In the field, some men in a regiment might be wearing frock coats, while the rest would be wearing dark blue sack coats. Sack coats evolved from loose fitting fashionable civilian coats of the 1840s which were unusual for the day because they didn't have a seam at the waist, the upper and lower halves being the same piece of cloth.
Sack coats were adopted by the United States Army in 1857 and not only were they cheap to manufacture costing $2.10 each as compared with the $6.56 manufacturing cost for a single frock coat, but they were extremely comfortable to wear and very popular with soldiers throughout the war. Sack coats had no braid or decoration and just a simple turnover collar. Such coats were done up with four large uniform buttons and had an inside pocket on the left breast.
Recruits received sack coats lined with coarse flannel and thin muslin in the sleeves while old sweats wore unlined sack coats. The jackets were produced in four regular sizes; 36 inch breast 30'/, leg, 38 inch breast 31'/2 inch leg, 40 inch breast, 32'/, inch leg and 42 inch breast, 3 3 V2 inch leg.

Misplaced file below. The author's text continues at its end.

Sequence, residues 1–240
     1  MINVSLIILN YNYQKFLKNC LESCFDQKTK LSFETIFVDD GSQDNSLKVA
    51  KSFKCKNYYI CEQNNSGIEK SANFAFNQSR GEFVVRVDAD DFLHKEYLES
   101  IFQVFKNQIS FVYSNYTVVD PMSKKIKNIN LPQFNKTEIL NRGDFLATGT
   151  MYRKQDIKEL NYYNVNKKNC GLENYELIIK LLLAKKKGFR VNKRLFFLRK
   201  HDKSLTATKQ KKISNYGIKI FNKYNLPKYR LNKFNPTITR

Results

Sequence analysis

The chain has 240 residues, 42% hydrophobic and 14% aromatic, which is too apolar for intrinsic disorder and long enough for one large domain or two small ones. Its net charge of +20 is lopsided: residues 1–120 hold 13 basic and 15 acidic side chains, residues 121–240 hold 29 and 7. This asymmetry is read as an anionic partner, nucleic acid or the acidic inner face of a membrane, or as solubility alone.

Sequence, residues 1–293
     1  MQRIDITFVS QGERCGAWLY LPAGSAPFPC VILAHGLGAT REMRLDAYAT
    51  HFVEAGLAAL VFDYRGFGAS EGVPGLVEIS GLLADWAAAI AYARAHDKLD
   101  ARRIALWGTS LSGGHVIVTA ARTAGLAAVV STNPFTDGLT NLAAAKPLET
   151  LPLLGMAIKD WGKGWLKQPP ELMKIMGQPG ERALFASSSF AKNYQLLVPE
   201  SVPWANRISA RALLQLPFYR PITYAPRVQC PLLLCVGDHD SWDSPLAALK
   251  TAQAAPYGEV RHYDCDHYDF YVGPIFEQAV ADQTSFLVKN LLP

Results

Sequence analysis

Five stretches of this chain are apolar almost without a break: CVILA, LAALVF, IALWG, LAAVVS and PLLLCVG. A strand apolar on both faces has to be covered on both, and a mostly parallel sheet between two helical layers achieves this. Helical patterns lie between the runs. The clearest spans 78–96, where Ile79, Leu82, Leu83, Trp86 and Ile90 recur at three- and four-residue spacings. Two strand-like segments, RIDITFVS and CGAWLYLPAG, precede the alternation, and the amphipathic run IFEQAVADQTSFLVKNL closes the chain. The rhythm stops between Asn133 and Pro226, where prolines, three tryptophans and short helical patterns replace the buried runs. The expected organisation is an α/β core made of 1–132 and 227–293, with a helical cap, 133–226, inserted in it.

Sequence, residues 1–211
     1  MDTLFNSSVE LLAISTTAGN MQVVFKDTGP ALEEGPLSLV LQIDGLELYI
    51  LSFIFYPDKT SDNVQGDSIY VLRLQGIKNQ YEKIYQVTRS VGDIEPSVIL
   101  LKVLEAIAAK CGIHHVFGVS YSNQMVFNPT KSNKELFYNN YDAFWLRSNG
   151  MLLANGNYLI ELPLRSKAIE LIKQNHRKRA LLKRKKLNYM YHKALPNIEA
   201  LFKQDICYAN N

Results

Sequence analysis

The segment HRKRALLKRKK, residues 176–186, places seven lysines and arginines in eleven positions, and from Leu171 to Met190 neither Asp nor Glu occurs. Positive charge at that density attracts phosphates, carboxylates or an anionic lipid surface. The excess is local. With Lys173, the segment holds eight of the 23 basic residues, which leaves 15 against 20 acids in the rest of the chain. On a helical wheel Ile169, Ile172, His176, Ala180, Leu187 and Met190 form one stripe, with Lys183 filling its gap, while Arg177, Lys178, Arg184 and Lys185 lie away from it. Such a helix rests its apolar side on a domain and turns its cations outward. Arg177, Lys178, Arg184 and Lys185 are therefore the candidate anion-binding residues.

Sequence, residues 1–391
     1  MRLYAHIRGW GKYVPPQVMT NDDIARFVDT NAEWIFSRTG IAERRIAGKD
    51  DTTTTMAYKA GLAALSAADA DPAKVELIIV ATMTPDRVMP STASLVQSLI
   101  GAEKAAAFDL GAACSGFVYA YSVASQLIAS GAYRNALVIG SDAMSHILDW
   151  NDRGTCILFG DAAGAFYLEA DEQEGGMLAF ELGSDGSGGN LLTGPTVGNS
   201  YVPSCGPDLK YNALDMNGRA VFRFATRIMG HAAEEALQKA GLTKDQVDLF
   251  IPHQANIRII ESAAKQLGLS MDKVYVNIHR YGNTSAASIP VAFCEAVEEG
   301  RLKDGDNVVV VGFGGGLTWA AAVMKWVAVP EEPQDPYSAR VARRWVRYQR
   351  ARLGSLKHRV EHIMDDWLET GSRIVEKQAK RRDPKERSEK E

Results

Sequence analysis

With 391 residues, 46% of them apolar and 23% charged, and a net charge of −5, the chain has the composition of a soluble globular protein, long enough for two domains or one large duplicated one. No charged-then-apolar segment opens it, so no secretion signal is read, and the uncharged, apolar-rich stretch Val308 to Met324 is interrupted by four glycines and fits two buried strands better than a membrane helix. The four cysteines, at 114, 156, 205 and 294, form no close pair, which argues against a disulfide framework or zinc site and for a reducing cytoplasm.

From 1858 to 1861 the colour of regular infantry trousers was dark blue but the colour was changed to sky blue on December 16, 1861. Regulation trousers were high in the waist and had full very round legs. Creases in trousers were unknown in those days. Trousers had a modern style button fly and two pockets at the front. Braces attached to buttons on the front and back of the trousers were the universal way of holding them up, belts were not yet much in vogue. Civil War trousers tended to be cut loose and fitted well up over the stomach. A common mistake of many reproduction Civil War trousers worn by re-enactors today is that they hug the hips like modern trousers and the cut, particularly around the crotch, is not baggy enough.